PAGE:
A Proclamation.

The Year that is drawing to a close, has been filled with the blessings of fruitful fields and healthful skies. To these bounties, which are so constantly enjoyed that we are prone to forget the source from which they come, others have been added, which are so extraordinary a nature, that they cannot fail to penetrate and soften even the heart which is habitually insensible to the ever watchful providence of Almighty God.

In the midst of a civil war of unequaled magnitude and severity, which has sometimes seemed to foreign States to invite and to provoke the aggression, peace has been preserved with all nations, order has been maintained, the laws have been respected and obeyed, and harmony has prevailed everywhere except in the theater of military conflict; while that theater has been greatly contracted by the advancing armies and navies of the Union.

Needful diversion of wealth and strength from the fields of peaceful industry to the national defense, have not arrested the plough, the shuttle or the ship; the axe has enlarged the borders of our settlements, and the mines, as well of iron and coal as of the precious metals, have yielded even more abundantly than heretofore.
Population has steadily increased, notwithstanding the waste that has been made in the camp, the siege, and the battle-field; and the country, rejoicing in the consciousness of augmented strength and vigor, is permitted to expect continuance of years with large increase of freedom.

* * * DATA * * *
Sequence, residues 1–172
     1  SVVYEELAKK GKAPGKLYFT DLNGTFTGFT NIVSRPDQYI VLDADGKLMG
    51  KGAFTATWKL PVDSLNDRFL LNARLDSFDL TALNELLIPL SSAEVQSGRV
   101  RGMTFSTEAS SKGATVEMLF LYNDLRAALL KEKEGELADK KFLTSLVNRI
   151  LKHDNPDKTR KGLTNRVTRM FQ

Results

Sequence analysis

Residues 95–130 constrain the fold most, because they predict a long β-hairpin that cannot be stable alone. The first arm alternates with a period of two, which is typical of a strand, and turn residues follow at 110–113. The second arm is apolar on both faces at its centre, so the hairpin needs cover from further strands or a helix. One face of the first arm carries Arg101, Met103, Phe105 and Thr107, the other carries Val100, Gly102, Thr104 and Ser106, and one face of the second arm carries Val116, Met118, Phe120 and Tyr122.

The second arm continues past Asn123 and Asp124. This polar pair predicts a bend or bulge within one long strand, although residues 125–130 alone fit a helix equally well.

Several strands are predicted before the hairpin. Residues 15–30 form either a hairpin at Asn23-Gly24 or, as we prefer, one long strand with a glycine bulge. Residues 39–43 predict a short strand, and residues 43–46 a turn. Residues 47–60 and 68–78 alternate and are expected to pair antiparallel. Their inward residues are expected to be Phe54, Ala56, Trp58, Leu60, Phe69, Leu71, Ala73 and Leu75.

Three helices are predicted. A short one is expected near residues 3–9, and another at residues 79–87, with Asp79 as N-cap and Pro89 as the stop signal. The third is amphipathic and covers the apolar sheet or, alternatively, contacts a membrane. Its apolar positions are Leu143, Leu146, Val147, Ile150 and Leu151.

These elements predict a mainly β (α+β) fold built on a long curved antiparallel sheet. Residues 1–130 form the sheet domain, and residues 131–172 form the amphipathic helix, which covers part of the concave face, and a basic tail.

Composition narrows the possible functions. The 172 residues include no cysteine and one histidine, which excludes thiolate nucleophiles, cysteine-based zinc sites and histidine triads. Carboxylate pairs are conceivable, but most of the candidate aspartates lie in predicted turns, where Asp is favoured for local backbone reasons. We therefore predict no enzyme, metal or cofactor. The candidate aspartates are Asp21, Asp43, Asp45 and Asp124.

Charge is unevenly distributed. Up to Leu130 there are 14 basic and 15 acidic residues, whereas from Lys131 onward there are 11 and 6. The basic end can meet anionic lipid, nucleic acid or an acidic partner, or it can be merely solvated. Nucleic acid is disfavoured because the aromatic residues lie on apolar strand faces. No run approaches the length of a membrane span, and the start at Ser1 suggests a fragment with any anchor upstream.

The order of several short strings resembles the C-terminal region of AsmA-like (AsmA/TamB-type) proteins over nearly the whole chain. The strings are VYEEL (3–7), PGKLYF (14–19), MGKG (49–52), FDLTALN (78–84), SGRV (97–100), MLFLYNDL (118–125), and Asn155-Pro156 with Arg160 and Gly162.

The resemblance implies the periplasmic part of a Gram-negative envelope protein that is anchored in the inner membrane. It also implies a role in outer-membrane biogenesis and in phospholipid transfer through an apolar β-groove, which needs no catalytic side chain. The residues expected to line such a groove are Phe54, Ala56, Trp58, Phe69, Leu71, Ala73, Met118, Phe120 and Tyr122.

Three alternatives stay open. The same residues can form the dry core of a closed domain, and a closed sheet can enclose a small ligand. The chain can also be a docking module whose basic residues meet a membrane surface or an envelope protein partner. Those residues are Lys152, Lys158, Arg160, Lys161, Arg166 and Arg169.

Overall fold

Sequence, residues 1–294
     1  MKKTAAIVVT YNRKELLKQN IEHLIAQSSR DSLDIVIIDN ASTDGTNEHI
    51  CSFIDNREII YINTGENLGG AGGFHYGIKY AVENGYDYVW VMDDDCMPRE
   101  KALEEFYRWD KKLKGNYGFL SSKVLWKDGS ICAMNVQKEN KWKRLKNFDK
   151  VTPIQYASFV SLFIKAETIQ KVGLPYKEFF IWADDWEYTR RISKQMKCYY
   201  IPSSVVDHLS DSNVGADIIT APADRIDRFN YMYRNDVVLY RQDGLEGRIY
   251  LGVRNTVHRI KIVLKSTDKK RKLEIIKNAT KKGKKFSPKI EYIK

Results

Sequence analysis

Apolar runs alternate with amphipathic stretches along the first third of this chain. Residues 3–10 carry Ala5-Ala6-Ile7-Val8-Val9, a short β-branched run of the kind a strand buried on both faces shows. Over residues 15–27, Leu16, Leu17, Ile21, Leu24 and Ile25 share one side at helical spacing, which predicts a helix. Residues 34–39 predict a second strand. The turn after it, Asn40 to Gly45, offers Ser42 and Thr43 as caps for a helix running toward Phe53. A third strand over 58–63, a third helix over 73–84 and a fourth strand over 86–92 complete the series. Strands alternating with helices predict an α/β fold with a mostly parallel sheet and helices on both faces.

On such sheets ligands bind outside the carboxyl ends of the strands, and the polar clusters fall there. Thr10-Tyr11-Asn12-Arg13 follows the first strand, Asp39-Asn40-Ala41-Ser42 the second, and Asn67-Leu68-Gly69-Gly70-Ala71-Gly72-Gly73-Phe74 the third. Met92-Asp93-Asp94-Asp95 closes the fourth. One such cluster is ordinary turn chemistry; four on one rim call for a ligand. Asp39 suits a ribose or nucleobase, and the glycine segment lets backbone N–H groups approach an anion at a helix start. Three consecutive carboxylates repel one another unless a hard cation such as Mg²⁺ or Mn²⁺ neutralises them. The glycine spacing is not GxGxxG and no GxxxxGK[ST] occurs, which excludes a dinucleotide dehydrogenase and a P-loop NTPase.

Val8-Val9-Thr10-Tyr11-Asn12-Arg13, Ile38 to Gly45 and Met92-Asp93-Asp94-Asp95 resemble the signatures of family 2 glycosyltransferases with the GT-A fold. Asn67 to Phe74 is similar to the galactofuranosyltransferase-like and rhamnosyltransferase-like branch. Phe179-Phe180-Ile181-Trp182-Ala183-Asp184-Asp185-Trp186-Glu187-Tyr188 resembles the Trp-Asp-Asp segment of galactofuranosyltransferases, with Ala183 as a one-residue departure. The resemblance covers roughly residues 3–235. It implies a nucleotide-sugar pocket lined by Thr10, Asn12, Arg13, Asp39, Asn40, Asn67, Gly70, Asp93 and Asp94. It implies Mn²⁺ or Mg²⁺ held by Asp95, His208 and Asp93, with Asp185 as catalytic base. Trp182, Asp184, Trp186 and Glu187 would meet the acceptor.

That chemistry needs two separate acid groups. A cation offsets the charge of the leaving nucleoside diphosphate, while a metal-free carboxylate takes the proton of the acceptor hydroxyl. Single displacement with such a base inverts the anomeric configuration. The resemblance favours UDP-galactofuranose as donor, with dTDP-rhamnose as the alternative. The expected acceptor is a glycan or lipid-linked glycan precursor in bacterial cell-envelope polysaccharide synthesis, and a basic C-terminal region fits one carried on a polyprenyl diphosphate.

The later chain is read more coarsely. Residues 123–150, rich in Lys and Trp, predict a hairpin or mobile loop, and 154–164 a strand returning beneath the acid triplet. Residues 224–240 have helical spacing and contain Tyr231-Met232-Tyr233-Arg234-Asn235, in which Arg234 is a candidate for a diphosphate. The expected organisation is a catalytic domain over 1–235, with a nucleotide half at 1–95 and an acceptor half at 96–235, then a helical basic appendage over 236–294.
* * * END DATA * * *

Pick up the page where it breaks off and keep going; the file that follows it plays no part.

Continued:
No human counsel hath devised nor hath any mortal hand worked out these great things. They are the gracious gifts of the Most High God, who, while dealing with us in anger for our sins, hath nevertheless remembered mercy.

It has seemed to me fit and proper that they should be solemnly, reverently and gratefully acknowledged as with one heart and one voice by the whole American People.

I do therefore invite my fellow citizens in every part of the United States, and also those who are at sea and those who are sojourning in foreign lands, to set apart and observe the last Thursday of November next, as a day of Thanksgiving and Praise to our beneficent Father who dwelleth in the Heavens.

And I recommend to them that while offering up the ascription's justly due to Him for such singular deliverance's and blessings, they do also, with humble penitence for our national perverseness and disobedience, commend to His tender care all those who have become widows, orphans, mourners or sufferers in the lamentable civil strife in which we are unavoidably engaged, and fervently implore the interposition of the Almighty hand to heal the wounds of the nation, and to restore it as soon as may be consistent with the Divine purposes to the full enjoyment of peace, harmony, tranquility, and Union.

In testimony whereof, I have hereunto set my hand and caused the seal of the United States to be affixed.

Done at the City of Washington, this Third day of October, in the year of our Lord one thousand eight hundred and sixty-three, and of the Independence of the United States the Eighty-eighth.

By the President: Abraham Lincoln

Borrowed from Abraham Lindoln Online.

Wishing you a bounty of love,


Wednesday, November 23, 2011

Yep...I'm an author!

I recently did a book signing (of sorts) at the Sparta, TN street fair.  I'm always amazed at how many people ask me if I know the author???  Do people really sit at a table at places like that and sign and sell the work of others?  I tried not to giggle when I announced, "I am the author."

And I am...a real author with more books published than I ever imagined...and I look at them every single day and thank my lucky stars for the publishers who took a chance on me.  Okay, so I'm not published with Harlequin or Avon, but with the popularity of e-readers, more and more folks are discovering me, and I can finally buy a Big Mac instead of just a Happy Meal with one of my royalty checks  :)